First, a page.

Washington, D.C.-based mentalist magician Max Major says, “I don’t actually read minds, I read people.”
I'm pretty good at reading people too, but during Max’s touring show at Theatre on the Square Thursday night, he read the diverse adult audience — as a whole, in small groups, plus several individuals — with an accuracy that astonished me. From cards to limes to relationships, he knew what was hidden and where to (respectfully) find it. He knew how to put his life at risk and then save it, all for our entertainment.
It was fun to be read by him too. Yes, yes, he has a great body, great smile, great clothes, and great hair. But what truly makes him sexy is the calm, deep, non-judgmental way he pays attention to you.
That and his smart sense of humor. Sometimes he lies, but he is so matter-of-fact about his dishonesty that you can’t help laughing.
In addition to his mind reading feats Thursday night, Max also skillfully performed a sampling of other kinds of magic, including sleight-of-hand and what I call “gross out” magic. For example, he politely pulled a woman on stage to help him pull a piece of thread through his mouth and out his eye. I am shuddering again, remembering that.
I was also impressed by the smooth way he encouraged audience participation through social media. At the box office we each received a paper wristband with Max’s Twitter/Instagram handle and the show’s hashtag on it. There was also a large screen at the back of the stage before the show started, reading “Throw up a spade!” and showing people taking selfies with their hands in a position to echo Max’s logo. When he called people up on stage to help him, he encouraged their friends to take and share pictures, too. There was even a contest during intermission to see who could make him laugh the most by what they posted, with logo merchandise for the winners. When he’s not tweeting about his magic shows, he’s tweeting motivational advice, which gives people a reason to continue following him.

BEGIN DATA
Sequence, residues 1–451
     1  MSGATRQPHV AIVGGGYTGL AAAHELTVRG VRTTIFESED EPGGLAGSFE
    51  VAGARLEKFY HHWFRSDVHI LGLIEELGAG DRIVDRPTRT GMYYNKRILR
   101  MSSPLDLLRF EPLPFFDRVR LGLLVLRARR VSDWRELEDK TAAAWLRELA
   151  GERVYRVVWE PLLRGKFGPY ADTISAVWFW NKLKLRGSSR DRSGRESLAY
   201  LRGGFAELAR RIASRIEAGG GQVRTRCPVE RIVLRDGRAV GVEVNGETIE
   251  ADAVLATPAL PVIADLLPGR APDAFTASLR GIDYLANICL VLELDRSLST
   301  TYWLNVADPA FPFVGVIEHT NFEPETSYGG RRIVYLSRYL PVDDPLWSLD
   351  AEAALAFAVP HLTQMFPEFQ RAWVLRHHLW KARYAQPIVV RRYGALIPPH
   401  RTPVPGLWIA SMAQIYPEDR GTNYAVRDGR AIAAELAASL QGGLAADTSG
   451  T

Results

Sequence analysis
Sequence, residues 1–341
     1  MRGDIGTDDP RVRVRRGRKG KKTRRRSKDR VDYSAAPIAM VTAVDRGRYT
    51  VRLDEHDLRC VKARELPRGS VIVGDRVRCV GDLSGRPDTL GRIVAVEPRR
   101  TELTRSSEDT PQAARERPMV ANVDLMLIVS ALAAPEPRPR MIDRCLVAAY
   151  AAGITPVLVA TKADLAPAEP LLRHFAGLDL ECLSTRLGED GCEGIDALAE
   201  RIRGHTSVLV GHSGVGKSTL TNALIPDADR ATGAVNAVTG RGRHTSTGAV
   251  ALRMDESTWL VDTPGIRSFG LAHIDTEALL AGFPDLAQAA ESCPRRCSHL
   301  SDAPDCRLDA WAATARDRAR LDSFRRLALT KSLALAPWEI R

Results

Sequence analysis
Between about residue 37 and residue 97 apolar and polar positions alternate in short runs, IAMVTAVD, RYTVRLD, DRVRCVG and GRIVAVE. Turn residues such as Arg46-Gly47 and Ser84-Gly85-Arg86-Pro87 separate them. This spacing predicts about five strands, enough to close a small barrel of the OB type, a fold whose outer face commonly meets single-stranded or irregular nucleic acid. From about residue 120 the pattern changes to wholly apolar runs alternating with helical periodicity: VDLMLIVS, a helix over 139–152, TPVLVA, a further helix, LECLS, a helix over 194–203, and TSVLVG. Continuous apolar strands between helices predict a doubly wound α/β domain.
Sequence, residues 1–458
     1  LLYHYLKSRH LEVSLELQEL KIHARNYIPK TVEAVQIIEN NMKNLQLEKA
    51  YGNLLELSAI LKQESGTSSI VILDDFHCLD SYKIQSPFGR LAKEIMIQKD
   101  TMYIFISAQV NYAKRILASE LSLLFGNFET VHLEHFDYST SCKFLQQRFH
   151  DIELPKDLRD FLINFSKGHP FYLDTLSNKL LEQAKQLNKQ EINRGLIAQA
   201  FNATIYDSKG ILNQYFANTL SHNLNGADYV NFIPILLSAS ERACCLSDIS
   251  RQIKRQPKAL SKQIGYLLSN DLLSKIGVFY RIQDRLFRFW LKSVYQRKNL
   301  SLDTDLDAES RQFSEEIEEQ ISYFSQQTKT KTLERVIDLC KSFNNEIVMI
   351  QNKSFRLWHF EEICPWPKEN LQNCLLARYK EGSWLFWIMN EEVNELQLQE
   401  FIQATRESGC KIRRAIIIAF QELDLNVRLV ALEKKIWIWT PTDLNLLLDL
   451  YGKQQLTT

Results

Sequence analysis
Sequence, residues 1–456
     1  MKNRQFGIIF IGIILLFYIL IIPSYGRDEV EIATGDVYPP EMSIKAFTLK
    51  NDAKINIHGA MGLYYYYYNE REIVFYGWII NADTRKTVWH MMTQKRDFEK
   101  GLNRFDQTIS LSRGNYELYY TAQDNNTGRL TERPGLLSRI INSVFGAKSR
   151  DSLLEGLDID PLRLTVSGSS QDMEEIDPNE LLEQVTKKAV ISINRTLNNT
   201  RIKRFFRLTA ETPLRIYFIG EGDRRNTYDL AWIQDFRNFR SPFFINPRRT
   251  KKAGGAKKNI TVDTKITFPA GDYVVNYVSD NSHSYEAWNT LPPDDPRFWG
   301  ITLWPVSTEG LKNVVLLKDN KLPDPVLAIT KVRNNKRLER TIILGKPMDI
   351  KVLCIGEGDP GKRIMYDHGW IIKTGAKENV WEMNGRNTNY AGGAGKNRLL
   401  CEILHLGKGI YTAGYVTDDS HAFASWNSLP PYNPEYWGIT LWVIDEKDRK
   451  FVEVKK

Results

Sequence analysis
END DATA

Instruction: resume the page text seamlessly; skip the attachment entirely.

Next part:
Yet if you didn’t have a smartphone in your pocket during the show, you didn’t feel left out. The social media aspect was well-integrated but the magic remained the focus, and there were other forms of community building that happened right there, in the moment. For example, Max asked everyone to take out a coin and hide it in one of their fists. Many people weren’t carrying any change, so Max asked people that did have coins to share with their neighbors. This simple act engaged the audience in a time-honored way that felt fresh.
I also loved that even though there was no cursing or anything x-rated about the show, it was clearly for adults only.
At the end, Max pointed out Chad Rabinovitz in the audience and thanked him for directing the show two years ago. I recognized the name and grabbed Chad in the lobby to ask him about that experience.
Chad told me he and Max grew up together in Maryland, doing magic. Then Chad went into theatre, eventually becoming the producing artistic director of the Bloomington Playwrights Project here in Indiana. When Max wanted to create a new magic show, he asked Chad to direct it.
Chad said it is unusual for a magician to involve a director or to think about acting skills in addition to magic skills and general stage presence. Chad said he gave Max suggestions about how to order the show’s elements to make an effective arc and make the scripted parts appear more natural. Over the two years and several hundred performances since, the show has become even smoother and tighter.
“But Max also has natural charisma, of course,” Chad said. “He’s the headliner for my gala tomorrow at the Bloomington Playwrights Project.”
Some of the things that Max did Thursday night still seem impossible to me, no matter how good he is at reading people. And since Max himself says he is meticulous, a part of me wonders if even his genuineness is an act. But when I check my intuition, it says Max is for real. In any case, his show was a lot of fun.